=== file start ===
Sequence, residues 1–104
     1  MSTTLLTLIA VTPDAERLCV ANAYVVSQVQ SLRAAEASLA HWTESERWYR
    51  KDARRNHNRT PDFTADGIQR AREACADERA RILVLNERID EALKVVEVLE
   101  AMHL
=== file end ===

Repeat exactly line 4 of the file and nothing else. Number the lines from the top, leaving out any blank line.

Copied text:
   101  AMHL